Colorado is an interesting place to be this summer, as the health care reform debate continues to play out – in the courts now, rather than in town halls and legislative sessions. Our Attorney General, Republican John Suthers, is part of the group of AGs from 20 states who are challenging the legality of a federal mandate requiring people to have health insurance. And our Governor, Bill Ritter Jr., is one of four Democratic governors of those states who disagree with the position taken by the Attorneys General.
Ritter and the other three governors have asked a federal judge to consider their arguments in favor of upholding Obama’s Patient Protection And Affordable Care Act, despite the fact that their Attorneys General have filed a lawsuit to block one of the most important changes included in the new law. The mandate is a viable way to make guaranteed-issue health insurance an affordable possibility. There are other options that could be worked into the system via the tax code, but one way or another, we have to have everyone paying into the health insurance system in order to be able to provide guaranteed issue health insurance to everyone, regardless of pre-existing conditions.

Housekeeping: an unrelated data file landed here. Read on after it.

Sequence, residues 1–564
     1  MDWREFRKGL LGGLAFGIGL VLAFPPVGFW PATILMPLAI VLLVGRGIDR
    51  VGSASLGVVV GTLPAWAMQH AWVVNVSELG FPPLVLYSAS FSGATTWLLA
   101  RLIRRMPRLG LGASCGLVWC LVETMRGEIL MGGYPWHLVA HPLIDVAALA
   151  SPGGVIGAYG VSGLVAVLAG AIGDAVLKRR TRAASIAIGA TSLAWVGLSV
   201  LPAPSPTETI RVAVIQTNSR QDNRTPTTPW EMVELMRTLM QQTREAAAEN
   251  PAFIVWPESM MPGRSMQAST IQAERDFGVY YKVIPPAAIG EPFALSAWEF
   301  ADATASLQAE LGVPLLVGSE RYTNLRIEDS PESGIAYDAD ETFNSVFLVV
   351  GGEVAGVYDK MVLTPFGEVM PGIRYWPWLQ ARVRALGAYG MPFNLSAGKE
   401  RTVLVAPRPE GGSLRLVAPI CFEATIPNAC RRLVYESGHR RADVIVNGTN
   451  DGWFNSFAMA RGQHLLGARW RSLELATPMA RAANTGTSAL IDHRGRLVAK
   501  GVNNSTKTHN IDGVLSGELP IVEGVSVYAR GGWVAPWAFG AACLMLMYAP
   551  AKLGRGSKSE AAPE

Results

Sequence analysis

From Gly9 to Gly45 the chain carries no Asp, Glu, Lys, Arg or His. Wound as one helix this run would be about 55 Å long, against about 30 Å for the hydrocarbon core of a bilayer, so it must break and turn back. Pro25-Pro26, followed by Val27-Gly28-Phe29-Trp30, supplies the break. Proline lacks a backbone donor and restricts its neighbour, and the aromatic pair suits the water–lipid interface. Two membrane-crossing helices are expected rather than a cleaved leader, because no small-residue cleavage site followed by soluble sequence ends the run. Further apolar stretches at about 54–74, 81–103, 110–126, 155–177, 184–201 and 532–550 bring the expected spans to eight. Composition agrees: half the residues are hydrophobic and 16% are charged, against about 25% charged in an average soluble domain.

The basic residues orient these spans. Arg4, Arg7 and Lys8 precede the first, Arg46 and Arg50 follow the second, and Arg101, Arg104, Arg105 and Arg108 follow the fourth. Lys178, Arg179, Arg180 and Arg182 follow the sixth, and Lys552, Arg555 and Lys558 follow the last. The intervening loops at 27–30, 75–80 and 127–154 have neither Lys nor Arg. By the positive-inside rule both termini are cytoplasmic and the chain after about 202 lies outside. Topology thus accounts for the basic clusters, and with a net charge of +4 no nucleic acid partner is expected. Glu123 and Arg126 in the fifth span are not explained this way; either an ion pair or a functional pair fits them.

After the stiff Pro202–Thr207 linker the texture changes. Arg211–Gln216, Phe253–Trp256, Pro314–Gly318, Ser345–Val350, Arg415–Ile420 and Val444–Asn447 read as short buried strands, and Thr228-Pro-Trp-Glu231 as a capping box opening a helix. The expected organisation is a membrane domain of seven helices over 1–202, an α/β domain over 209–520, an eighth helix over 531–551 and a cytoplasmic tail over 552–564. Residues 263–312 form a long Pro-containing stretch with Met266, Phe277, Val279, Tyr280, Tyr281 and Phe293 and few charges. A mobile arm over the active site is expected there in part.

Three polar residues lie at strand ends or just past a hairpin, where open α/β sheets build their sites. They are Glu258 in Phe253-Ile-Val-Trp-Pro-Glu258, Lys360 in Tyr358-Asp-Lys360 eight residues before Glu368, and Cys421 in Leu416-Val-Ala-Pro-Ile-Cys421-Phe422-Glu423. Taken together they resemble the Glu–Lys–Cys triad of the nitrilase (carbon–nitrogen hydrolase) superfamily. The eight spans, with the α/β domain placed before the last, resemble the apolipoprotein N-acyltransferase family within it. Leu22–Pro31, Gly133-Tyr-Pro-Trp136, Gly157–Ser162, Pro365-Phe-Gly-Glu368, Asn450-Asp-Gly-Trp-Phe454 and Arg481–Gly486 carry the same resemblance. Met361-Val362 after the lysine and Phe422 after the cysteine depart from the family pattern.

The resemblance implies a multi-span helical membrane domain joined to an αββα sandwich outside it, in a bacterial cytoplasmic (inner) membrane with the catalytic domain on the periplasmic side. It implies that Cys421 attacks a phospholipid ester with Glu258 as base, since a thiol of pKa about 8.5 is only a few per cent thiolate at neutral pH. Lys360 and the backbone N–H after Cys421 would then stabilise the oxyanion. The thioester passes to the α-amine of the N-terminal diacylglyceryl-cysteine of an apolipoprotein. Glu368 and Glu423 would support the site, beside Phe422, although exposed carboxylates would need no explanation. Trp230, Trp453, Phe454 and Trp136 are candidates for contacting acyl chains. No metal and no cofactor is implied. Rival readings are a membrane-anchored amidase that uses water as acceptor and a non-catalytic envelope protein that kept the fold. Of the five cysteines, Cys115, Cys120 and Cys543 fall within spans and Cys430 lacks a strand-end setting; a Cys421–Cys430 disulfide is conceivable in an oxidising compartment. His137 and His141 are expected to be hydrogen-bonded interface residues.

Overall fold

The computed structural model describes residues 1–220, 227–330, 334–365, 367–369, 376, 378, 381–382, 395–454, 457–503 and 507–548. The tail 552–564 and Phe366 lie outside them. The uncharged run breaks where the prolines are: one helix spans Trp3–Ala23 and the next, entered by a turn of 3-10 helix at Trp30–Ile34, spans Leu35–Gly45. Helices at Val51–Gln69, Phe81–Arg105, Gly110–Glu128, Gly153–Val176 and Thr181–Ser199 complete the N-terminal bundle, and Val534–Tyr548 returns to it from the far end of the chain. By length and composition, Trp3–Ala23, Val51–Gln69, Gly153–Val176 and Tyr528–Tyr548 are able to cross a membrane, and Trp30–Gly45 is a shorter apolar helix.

The Attorneys General who are trying to block the mandate are arguing that it’s unconstitutional to require people to purchase a product against their will. But by that argument, isn’t is unconstitutional to require private health insurance companies to accept all applicants, regardless of medical history? The provision in the new law that would make pre-existing conditions a non-issue is overwhelmingly popular, and yet the provision requiring everyone to have health insurance isn’t nearly as popular. But we can’t really have one without the other.